Check out our gallery below

 

10. Sognefjord Glacier – Jostedalsbreen National Park

Our final wow for this 2019 trip is the drive up to Sognefjord Glacier. The largest of all the ice maidens in Norway.

Although before we talk about that, let me tempt you with the approach road to Sognefjord, which is magnificent in itself. The 724 Route up through the Oldevatnet valley to Briksdalen, with iconic and moody mountain views will take your breath away. Although this no-through road is a little narrow, there are passing places as you navigate the plethora of coaches that bomb up and down this idyllic valley.

And as you hug the edge of the fjord, with its crystal clear waters, the sight ahead is captivating. The sharp lines of the mountain edges pierce the sky whilst it cradles the blue-white glacier which draws you towards it as if on autopilot. 

There’s both a campsite at Briksdalen and plenty of parking areas for day visitors. At 250NOK per night for a camper plus two people (which equates to around £26), you have unbridled access to this giant of all glaciers. There’s a fabulous walk for about 1.5 miles which whilst marginally uphill, can be mastered thanks to the tourist tram. If walking isn’t great for you or you have a disability, then for a mere 230NOK (£20) return or 115NOK one way (£11) the Troll’s Tram takes your weary bones closer to the glacier viewing point so that you too can enjoy its glacial glory. Otherwise the walk is a sensory delight. First up you have the Kleivafossen waterfall, which full of glacial melt thunders over the edge releasing 100 litres of water per second. Can you imagine the sound? It’s so loud you can not talk nor hear your heart beat. And whether it is a rainy day or sunny, it matters not a jot, as you will get wet as the spray from this thunderous beast unleashes its full power to the rocks below. It’s Norway’s version of Niagra Falls and you can stand right in front of it and get a free and pure shower.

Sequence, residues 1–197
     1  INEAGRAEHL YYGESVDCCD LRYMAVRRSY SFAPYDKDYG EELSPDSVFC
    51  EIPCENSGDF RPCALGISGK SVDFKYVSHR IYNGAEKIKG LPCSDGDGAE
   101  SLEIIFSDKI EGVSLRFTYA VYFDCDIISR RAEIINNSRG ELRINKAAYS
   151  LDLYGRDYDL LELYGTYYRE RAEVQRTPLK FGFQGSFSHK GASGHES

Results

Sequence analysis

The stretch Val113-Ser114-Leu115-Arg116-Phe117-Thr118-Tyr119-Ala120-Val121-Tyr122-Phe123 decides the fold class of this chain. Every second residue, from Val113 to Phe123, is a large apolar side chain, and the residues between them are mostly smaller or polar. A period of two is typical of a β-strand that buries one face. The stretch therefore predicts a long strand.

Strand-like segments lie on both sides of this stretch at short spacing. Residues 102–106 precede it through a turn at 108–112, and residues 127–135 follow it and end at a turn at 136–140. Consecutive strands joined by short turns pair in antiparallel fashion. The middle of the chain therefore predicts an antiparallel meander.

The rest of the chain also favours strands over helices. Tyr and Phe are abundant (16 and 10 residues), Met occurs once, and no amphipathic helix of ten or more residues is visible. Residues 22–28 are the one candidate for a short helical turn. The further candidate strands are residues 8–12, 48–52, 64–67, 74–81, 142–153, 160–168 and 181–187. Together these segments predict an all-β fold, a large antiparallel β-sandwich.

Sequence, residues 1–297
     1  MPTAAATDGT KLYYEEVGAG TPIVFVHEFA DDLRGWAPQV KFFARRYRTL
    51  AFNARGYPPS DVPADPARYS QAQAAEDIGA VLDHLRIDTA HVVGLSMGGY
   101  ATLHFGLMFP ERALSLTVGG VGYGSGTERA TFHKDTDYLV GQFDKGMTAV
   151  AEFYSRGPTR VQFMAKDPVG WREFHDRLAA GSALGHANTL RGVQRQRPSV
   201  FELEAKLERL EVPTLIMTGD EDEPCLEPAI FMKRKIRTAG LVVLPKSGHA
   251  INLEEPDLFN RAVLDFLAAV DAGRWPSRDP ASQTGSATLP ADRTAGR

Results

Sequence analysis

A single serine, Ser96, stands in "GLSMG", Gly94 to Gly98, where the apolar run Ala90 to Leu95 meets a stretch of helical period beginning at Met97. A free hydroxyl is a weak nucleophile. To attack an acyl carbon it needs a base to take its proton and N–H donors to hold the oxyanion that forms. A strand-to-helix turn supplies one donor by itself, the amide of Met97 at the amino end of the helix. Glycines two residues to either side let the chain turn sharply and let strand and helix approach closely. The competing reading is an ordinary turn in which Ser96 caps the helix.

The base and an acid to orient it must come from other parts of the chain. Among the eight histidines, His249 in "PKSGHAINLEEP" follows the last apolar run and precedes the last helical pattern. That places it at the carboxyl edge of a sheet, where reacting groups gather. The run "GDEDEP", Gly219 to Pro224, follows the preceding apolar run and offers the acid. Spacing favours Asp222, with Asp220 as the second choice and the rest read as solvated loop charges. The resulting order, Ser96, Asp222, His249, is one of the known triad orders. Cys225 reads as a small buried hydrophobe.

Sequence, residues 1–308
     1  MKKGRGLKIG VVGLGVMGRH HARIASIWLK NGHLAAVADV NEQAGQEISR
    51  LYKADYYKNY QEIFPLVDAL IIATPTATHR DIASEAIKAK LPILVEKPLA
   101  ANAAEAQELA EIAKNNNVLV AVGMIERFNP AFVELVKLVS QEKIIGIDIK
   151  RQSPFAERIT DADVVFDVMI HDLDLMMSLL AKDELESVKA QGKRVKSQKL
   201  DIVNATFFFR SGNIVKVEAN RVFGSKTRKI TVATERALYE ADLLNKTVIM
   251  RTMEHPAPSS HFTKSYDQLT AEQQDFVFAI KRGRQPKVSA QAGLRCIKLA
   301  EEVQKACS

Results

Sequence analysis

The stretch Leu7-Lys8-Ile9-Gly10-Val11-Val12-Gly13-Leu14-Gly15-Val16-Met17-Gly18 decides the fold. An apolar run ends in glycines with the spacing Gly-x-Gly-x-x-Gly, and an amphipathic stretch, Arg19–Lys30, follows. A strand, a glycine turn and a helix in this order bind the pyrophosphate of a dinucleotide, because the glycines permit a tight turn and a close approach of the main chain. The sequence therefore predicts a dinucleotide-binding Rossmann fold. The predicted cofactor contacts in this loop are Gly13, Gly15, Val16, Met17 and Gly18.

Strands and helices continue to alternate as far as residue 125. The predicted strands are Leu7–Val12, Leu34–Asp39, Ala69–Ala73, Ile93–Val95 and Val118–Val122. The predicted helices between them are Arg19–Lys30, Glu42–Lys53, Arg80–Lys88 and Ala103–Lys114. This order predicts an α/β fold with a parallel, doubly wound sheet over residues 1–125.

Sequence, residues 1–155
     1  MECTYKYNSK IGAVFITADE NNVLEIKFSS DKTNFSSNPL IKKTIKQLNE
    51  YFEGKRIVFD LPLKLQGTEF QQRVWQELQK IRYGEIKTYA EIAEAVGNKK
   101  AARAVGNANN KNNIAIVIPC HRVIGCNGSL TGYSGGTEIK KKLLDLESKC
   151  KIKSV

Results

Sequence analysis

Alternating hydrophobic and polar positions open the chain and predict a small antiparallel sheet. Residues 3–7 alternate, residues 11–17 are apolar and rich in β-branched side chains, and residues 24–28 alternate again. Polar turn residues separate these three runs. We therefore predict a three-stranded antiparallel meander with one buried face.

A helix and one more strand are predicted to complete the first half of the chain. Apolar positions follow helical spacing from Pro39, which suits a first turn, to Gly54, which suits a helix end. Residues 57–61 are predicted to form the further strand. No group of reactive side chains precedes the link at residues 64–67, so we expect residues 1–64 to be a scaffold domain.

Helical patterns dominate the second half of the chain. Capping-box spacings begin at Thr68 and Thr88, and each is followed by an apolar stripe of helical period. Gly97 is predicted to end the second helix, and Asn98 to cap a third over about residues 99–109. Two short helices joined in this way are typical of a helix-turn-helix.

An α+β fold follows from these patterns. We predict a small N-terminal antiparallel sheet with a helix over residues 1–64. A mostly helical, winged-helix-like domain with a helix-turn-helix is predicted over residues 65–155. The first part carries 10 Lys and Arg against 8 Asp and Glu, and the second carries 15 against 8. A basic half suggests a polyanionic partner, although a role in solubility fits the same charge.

The glacier, some 10 minutes on, is not quite touchable, although certainly is spitting distance. And if you listen clearly, perhaps you can hear the sound as it creaks and groans with its miniscule movement. It’s a magnificent moment that somehow is difficult to capture in words alone and is a place that I could have stayed for hours just sat quietly in the heart of Mother Nature’s storybook and art gallery. This is most definitely a Norway WOW factor and must go on your list to visit.

 

Practical Tips for Norway Exploration

Before we leave you, I feel it is important to share our tips for making Norway a memorable experience, for all the right reasons. With its distance and expense many people are put off venturing to this northern land, although with the right strategy, it is more than doable. 

  1. As you plan for your trip, be clear what time you have available and what is achievable. If you only have a short time for your visit, then stick to the southern and central regions. The distances, both to get to and around Norway are vast and so being realistic is important.
  2. Access to Norway depends a great deal on the time you have. If you have an unlimited length of time, then accessing the northern regions is well worth the travel time, entering at Abisko. If time is limited then a ferry from Denmark makes Norway more accessible. For more information on routes to Norway check out our comprehensive All Things Travel blog here.
  3. Ferries are a major lifeline for Norway and avoiding them is futile. So you will need to consider an Autopass Ferry Discount Card. This will save you up to 50% on your ferries which is not to be sneezed at.